“Whilst it might look like a simple approach, there’s an incredible amount of research done, in signage and in imagery and in detailing, and how things were done in that era. And then trying to replicate that in a modern way across the whole venue, so there’s a real quality to the whole space.
“As the project evolved and got closer to completion, people came in and said, ‘What did you actually do with the venue?’ And that in itself feels like a compliment, because it feels like it belongs here. It hasn’t felt like we’ve missed the mark in terms of interpreting the heritage influence.”
Tristan from Uppercase similarly spent time digging through old materials to create a graphic identity for the space and the business that fit.
A typical job could take up to a couple of months, he laughs, but this one: “Two years.”
“It was quite a difficult brief to undertake,” he says.
“I had to reach out to a number of different practitioners in Melbourne and Adelaide and really bring in this sense of craft, to make sure that it’s authentic.
“It did turn out to be three or four times harder than a conventional way, but it’s worth it in the long run, because you see the finish and it looks like it’s been uncovered, and it’s always been there.
“I’ve had people from interstate, sign painting geeks, already talk about planning trips to come and see all the heritage signage and gold leaf and sign painting. That’s pretty cool.”
What’s next for the Adelaide Casino?
Rosie and Greg smile politely when we ask if the opening of The Guardsman means a break for the team at SkyCity Adelaide. A terse ‘no’ is the response.
“Our expansion opens in October, so that’s coming up very quickly. So now we start work on that, really,” Rosie says.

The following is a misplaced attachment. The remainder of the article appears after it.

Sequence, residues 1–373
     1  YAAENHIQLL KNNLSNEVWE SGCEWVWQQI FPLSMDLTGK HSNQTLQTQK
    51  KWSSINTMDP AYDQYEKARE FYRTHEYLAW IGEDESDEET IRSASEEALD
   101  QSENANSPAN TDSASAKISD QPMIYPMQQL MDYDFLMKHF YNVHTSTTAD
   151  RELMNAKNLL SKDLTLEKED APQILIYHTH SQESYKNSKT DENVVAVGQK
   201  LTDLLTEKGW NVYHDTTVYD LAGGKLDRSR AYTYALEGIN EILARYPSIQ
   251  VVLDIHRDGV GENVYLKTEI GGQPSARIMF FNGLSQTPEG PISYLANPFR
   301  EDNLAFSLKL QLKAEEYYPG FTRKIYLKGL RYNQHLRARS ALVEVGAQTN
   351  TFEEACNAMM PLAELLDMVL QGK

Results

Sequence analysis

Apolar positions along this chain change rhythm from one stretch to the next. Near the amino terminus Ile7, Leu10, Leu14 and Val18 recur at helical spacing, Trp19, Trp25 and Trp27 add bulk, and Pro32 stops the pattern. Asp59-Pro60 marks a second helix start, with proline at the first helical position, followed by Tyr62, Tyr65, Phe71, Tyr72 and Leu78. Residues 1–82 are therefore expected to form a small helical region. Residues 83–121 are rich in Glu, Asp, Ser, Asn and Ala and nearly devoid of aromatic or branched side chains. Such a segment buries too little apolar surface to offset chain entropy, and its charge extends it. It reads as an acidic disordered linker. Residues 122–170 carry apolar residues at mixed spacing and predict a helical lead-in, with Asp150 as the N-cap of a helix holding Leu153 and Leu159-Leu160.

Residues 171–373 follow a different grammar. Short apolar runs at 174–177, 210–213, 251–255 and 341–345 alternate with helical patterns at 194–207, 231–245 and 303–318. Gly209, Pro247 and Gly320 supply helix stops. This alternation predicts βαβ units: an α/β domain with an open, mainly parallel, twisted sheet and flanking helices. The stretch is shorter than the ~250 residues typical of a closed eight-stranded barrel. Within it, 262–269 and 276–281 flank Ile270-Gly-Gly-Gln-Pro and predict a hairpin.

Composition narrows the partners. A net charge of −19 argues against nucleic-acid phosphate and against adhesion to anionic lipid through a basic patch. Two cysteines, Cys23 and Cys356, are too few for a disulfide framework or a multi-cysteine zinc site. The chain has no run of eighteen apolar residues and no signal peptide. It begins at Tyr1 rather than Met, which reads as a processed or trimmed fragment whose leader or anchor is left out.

“And then just last week we announced about $7 million being spent on another project in the current Casino building. So, level one, complete revamp of the space in there, which is very exciting.
“The design looks incredible… Studio Nine have done an amazing job.”
The 2010s had a transformative impact on the Adelaide Riverbank. This decade will reveal whether all the master planning and funnelling of cash into the revitalisation of our prized cultural landmarks will amount to longstanding interest from the public.
It’s not a given, but Greg foresees a particularly rosy future.
“What we’re seeing is the Riverbank [approaching] critical mass,” he says.
“Once the expansion’s finished, we’ve got the amazing Festival Centre, we’ve got the Convention Centre, and everything that happens at Adelaide Oval – all that infrastructure is really exciting.
“I think we’ll look back at this as a pretty important point in time, in terms of actually where a lot of people will now gravitate towards this Riverbank precinct.”
Stop by The Guardsman by heading down into the Adelaide Railway Station. The venue is open seven days, from 6am ‘til late weekdays and 11am ‘til late Saturdays and Sundays.